Now, there are certain arguments which, once a believer begins to utter them, I begin to salivate.  I count the seconds waiting for them to finish so I can hang them up like a pinata and use them to make a public statement about how religion is not only propped up by horrible arguments, but also how it suspends a person’s standard set of checks against gullibility.  Jonathan continued with just such an argument.

I think it takes as much faith to be an atheist as it does to believe in (a) deity(ies).

Why does Jonathan believe this?

Accepting that God is not outside the realm of possibility – or even probability for that matter – it is then equally possible that God may choose to speak through any one or number of us.

But Jonathan, what if I don’t accept that god’s existence is anywhere close to probable?  I mean, you didn’t really give me a reason to accept that premise.  Possible =/= probable.

It seems patently clear to me that the existence of a god is not probable in the least.  For one thing, we have found no evidence of god’s existence.  For another, everything we have explained has turned out to be the result of natural causes.  Everything.  What need do we have a god when natural causes, which we know exist, produce order all by themselves?  At this point it’s as certain that god does not exist as it is that smurfs exist.  It is more certain that no god of compassion or intelligence exists in this pitiless, chaotic universe.

Then we get an argument I’ve never heard before, which is a change of pace.

…speaking again from a Christian perspective, part of the discernment between that which was spoken by God or by man would have to be determined by the purpose of the act; primarily whether or not it glorifies God.

So logic/reason, the means by which we usually ascertain if somebody is bullshitting us, is not how we determine whether or not some person is really hearing the voice of god?  All that matters is that the voice is ‘glorifying god’?  And what exactly do you mean by ‘glorifying god’?

Do you mean that the command of the voice is to do something beneficial?  In that case, a lot of the people in the bible heard voices that weren’t glorifying god.  And if those people weren’t glorifying god, it’s probably time to flush that book.  Do you mean that anybody who has a voice telling them something different from your voice is failing to glorify god?  In that case, you have a self-sealing prophecy on your hand that all the other people hearing conflicting voices of god could use to disregard you.  Do you mean that it must reflect what’s in the bible?  Again, you’ve made a self-sealing prophecy where disproof is impossible (you’ve also created a problem for all the people in the bible who heard god’s voice).

The purpose of saying something is not at all what determines its truth – it’s how reasonable their statements are and how well they are supported by evidence.  You, Jonathan, are saying a lot of things that you simply cannot support.  How do you know the nature of god?  How do you know what does or doesn’t glorify god?  Fuck, how do you know a god even exists?  How do you know his existence is probable?  You say all these things, but you don’t give me cause at all to think you have a single decent reason for believing any of it.  Likewise, if somebody claims to be hearing the voice of god, without some evidence behind that claim, it doesn’t matter of they’re speaking in tongues or if the voice is telling them Jesus is a super groovy dude, the most reasonable conclusion is that they are transplanting their own ideas onto a serotonin rush or that they are genuinely nuts.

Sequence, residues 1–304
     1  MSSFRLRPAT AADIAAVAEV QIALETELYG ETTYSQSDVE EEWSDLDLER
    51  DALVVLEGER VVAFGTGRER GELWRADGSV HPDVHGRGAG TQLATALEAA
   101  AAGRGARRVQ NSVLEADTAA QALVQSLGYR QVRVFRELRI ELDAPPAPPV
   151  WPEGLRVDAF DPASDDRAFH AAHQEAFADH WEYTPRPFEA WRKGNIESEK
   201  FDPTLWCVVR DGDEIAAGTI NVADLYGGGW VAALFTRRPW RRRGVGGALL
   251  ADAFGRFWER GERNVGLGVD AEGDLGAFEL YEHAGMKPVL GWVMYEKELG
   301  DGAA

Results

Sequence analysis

Jonathan also says a couple times in his postings that he is careful not to be judgmental, as if that somehow translates into making him the better person.  Hogwash, says I.  Bad ideas deserve to be judged.  They deserve to have their flaws pointed out.  And if somebody continues to hold onto them, and to use bad arguments in public after those arguments have been dissected, the person carrying those ideas deserves to be not only judged but shamed.

Just as atheism makes sense to you, Christianity makes sense to me and Islam makes sense to someone else, etc.

Just because it makes sense to someone doesn’t mean it makes sense.  People draw lousy conclusions all the time!  People are in error all the time!  And at best, considering the above options, only one of us can be right.  And since these beliefs influence our moral choices and, according to the latter two, hold the means to eternal suffering in the balance, the wrongness of at least two of them is not something so inconsequential.  That is something that makes judging those ideas a necessity.

Truth is, unless one has undoubtedly stood in the face of the Almighty, none of us have absolute evidence to the existence or non-existence of God.